Pacific nations have argued at a key meeting in Manila over how best to regulate devices that attract tuna amid growing concern over depleted stocks.
A call to extend an annual ban on fish aggregating devices, or FADs, to four months has been among the most contentious issues at the Western and Central Pacific Fisheries Commission meeting.
An annual July to September ban on FADS is already in place in waters that account for half the world's tuna catch..
A Palau fishing official who chairs the Parties to the Nauru Agreement, Nanette Malsol, says a four-month ban would hurt small Pacific nations the most.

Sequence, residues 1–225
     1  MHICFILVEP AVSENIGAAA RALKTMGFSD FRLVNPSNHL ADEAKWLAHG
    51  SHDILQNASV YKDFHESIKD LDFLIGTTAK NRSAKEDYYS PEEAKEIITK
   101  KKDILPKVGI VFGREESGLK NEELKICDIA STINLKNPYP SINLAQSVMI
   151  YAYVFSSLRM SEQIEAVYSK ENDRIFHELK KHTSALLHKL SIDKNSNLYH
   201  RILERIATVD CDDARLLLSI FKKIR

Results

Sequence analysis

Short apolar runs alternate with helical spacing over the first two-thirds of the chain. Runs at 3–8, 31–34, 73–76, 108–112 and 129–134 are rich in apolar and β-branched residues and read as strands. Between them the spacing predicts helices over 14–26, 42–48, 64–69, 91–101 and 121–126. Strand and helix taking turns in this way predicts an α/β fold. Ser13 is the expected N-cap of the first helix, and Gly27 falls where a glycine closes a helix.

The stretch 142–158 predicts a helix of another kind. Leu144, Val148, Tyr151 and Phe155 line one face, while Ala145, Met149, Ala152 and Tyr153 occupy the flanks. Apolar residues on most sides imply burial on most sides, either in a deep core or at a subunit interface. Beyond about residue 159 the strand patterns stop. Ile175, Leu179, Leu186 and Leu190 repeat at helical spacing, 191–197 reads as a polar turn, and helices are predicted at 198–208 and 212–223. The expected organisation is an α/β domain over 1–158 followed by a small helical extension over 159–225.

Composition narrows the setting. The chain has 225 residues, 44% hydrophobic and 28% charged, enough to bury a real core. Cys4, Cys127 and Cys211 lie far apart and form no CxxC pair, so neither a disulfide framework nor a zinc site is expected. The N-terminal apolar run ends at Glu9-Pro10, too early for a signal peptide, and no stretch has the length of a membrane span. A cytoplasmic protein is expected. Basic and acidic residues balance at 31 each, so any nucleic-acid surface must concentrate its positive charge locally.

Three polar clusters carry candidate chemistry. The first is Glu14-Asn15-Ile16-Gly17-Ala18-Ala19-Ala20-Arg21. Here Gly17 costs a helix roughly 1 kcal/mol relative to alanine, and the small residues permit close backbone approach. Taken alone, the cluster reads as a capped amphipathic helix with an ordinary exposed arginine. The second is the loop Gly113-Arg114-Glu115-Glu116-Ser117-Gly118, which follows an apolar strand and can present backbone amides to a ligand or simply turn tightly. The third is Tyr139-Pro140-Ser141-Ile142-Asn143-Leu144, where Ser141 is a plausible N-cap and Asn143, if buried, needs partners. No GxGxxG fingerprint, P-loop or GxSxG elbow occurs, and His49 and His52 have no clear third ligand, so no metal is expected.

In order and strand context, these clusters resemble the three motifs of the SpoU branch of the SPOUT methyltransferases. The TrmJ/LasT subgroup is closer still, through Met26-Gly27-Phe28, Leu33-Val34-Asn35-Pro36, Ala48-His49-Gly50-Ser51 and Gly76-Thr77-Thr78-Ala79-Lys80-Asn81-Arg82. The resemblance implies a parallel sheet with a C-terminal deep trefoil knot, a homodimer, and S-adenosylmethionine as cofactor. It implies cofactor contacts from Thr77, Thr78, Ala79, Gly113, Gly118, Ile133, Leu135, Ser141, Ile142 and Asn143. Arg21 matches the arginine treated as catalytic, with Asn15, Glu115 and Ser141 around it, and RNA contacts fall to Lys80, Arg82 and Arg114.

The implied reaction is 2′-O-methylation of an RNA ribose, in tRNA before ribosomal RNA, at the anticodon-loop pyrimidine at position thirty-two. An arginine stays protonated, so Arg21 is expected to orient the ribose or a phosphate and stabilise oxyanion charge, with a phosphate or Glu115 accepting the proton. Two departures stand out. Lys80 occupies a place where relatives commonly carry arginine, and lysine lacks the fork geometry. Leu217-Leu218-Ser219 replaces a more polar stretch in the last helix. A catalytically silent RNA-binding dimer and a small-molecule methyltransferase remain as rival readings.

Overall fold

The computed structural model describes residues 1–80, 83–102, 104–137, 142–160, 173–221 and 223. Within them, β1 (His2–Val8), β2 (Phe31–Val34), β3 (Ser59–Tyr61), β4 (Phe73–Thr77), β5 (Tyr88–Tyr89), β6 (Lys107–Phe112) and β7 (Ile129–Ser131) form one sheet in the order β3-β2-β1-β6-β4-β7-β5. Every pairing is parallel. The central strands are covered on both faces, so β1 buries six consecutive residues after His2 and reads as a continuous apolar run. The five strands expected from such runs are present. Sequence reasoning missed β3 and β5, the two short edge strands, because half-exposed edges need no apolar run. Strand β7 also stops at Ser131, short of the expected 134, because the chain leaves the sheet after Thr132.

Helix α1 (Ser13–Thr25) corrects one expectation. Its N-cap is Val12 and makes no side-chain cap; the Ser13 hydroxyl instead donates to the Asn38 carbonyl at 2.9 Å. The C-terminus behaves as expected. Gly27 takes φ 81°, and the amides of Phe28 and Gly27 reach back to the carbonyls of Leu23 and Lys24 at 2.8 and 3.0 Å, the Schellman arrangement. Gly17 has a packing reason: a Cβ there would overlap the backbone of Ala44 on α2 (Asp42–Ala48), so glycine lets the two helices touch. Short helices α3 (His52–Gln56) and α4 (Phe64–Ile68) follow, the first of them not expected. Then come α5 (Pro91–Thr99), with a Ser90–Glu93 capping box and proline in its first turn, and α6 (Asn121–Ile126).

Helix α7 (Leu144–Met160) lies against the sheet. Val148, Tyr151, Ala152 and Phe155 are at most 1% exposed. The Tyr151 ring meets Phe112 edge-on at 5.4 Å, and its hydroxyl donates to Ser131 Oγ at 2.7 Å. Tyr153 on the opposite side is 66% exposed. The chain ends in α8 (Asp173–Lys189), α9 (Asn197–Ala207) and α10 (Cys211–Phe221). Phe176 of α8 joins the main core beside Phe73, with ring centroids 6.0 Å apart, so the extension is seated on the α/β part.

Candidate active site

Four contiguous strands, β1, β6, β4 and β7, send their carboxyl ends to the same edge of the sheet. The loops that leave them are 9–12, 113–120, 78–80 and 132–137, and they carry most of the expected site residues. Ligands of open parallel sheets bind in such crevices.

She says they would oppose an extension of the so-called closed period unless the smaller nations were compensated.
Critics say fishing with FADs means juvenile fish are snared, as well as bycatch that includes threatened species like sharks, rays and sea turtles.